BoxCox power transformation
The logtransformation is a special case of a broader class called the BoxCox power transformation. The BoxCox transform is given by
$$ Y_t = \frac{X_t^\lambda  1}{\lambda} $$
We apply different transformations when $\lambda$ takes different values:
$$ \begin{gathered} \lambda = 1 \Longrightarrow Y_t = \frac{1}{X_t} \\ \lambda = 0.5 \Longrightarrow Y_t = \frac{1}{\sqrt{X_t}} \\ \lambda = 0 \Longrightarrow Y_t = \log X_t \\ \lambda = 0.5 \Longrightarrow Y_t = \sqrt{X_t} \\ \lambda = 1 \Longrightarrow Y_t = X_t \end{gathered} $$
As indicated above, this method requires the time series $X_t$ to be positive. If there exists negative values, a certain constant can be added. In R, we can use FitAR::BoxCox()
to find the MLE and a 95% confidence interval for $\lambda$.
Example of sunspot dataset
We’ll apply what we discussed to the sunspot dataset. The dataset contains 289 observations of yearly numbers of sunspots from 1700 to 1988 (rounded to one digit).
Time series plot
The mean looks somewhat stationary, but the variance is clearly changing over time, so we consider the BoxCox transformation.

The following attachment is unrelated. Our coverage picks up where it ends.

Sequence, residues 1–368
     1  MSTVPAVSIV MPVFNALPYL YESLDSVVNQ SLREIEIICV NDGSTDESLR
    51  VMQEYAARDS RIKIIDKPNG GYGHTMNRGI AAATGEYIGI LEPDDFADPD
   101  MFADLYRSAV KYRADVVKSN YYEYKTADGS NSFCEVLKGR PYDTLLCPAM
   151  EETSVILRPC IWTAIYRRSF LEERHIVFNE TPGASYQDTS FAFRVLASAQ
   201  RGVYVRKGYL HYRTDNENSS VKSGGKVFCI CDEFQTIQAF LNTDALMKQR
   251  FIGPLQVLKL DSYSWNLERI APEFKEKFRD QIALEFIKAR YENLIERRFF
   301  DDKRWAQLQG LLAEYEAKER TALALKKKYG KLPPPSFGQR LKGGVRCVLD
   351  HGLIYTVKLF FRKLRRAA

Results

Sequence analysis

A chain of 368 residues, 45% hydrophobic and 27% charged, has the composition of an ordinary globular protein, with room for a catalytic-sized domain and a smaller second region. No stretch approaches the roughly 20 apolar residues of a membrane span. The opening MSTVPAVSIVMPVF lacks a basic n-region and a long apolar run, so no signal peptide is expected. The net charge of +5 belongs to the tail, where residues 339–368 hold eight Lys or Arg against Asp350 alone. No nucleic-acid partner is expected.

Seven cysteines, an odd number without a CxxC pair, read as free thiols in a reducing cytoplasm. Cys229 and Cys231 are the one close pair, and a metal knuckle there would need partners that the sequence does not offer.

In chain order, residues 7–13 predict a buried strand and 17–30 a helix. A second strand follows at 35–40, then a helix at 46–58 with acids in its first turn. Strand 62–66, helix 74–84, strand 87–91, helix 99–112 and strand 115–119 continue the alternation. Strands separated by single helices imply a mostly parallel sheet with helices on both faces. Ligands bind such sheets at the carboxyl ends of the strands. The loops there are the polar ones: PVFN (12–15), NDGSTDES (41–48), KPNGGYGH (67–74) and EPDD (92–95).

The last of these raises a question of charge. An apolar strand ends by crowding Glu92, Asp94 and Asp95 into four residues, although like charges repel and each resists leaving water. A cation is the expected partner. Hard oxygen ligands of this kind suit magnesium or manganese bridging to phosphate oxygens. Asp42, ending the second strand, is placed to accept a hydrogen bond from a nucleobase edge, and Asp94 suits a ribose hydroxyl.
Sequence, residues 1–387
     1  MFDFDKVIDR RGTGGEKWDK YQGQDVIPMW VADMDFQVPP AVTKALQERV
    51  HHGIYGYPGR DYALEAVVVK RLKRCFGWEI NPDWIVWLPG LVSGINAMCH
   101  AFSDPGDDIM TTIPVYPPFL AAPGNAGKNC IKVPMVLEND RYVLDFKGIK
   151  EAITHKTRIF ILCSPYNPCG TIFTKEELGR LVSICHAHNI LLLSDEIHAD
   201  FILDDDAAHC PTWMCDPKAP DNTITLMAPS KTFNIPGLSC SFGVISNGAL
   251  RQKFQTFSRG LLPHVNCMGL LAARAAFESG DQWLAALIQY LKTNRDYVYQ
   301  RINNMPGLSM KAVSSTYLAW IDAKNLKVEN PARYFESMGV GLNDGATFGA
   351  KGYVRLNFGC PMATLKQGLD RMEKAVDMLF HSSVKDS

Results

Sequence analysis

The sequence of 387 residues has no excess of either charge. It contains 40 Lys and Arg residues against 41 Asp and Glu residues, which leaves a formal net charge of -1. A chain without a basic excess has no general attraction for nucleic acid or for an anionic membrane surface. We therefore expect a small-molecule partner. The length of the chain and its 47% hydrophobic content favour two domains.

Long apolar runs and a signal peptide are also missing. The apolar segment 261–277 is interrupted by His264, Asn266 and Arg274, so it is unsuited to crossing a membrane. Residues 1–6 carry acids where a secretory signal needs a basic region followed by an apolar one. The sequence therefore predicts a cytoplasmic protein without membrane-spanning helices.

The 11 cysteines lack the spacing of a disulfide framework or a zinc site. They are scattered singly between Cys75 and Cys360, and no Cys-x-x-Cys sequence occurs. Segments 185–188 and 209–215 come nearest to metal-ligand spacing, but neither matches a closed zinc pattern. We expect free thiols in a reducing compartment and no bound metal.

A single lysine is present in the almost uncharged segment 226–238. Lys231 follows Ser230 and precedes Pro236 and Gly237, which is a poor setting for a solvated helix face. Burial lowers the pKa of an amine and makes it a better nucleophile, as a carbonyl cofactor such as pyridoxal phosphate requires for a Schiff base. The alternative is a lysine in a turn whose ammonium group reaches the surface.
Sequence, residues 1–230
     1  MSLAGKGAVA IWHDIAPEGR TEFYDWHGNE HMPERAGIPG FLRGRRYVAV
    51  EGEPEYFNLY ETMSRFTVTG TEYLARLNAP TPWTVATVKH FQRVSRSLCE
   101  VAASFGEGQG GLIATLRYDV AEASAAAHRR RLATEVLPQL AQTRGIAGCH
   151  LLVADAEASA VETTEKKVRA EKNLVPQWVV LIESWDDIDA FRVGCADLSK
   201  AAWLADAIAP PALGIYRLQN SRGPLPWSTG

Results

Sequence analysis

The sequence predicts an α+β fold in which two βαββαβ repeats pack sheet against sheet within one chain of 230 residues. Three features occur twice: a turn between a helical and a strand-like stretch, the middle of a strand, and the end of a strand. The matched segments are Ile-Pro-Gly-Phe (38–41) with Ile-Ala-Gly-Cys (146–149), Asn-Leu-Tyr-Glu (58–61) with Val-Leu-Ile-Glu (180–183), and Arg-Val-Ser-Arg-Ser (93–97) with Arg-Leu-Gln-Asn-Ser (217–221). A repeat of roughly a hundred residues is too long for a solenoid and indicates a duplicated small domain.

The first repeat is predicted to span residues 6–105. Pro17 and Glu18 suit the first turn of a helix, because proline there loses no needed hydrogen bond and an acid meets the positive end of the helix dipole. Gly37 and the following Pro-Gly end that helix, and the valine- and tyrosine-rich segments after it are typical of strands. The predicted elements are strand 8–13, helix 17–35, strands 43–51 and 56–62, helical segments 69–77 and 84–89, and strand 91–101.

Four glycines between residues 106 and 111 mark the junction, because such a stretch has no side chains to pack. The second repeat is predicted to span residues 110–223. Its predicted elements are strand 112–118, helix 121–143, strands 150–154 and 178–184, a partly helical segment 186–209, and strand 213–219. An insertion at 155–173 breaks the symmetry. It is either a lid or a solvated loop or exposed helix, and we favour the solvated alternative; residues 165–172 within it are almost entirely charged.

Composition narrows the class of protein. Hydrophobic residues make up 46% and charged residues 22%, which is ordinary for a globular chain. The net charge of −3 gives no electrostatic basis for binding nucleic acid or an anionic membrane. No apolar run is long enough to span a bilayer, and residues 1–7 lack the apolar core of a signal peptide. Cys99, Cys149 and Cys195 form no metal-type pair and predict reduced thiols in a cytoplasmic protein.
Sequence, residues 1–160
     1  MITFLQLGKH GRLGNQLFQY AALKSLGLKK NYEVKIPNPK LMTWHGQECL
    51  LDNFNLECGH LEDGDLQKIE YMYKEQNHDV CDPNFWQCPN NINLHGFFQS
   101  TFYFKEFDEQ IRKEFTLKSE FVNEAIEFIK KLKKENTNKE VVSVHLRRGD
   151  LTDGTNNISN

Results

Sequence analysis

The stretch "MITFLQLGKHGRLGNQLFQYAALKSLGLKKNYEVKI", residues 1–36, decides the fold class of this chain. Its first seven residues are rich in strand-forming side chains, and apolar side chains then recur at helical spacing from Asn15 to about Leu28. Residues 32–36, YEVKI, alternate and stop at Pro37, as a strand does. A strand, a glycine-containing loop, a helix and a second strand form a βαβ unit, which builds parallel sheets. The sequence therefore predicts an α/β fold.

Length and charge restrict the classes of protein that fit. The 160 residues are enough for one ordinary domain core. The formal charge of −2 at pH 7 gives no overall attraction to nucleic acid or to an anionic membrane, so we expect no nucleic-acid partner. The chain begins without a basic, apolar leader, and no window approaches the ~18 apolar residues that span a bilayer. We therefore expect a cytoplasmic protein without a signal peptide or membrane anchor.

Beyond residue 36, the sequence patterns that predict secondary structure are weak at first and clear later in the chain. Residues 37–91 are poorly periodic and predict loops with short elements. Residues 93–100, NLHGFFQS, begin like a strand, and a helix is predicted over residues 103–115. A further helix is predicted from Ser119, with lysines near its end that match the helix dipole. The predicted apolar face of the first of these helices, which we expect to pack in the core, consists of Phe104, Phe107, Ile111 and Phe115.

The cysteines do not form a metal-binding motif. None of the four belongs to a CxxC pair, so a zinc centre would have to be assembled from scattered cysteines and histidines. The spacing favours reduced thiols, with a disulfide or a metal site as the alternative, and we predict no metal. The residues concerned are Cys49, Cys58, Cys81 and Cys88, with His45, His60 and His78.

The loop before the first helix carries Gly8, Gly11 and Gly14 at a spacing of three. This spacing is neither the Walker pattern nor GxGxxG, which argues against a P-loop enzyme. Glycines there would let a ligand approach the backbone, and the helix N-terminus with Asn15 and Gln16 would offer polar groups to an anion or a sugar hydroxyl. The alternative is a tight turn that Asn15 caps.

Transformation and differencing


The MLE is $\hat\lambda = 0.417$ and the 95% CI covers 0.350.5. We may try $\lambda = 0.5$ and take the square root of the original series so it’s easier to interpret^{1}.


The variance of the transformed series is a lot stabler, although at some points (e.g. year 1800) it’s still not constant. The ACF decreases with a sine wave pattern, and the PACF has spikes at lags 1, 2, and up[ to lag 9. AR(9) is a candidate for this dataset.
We can use the ADF test to check if we need differencing. The pvalue is smaller than 0.01, so we reject the null and treat the transformed series as stationary, thus no differencing is needed.


Traintest split and model fitting
We’re going to use the transformed data from now on. A 9010 split is applied to prepare for calculating the MAPE later. The ar()
function can be used to fit an AR model and check the coefficients. We set the order.max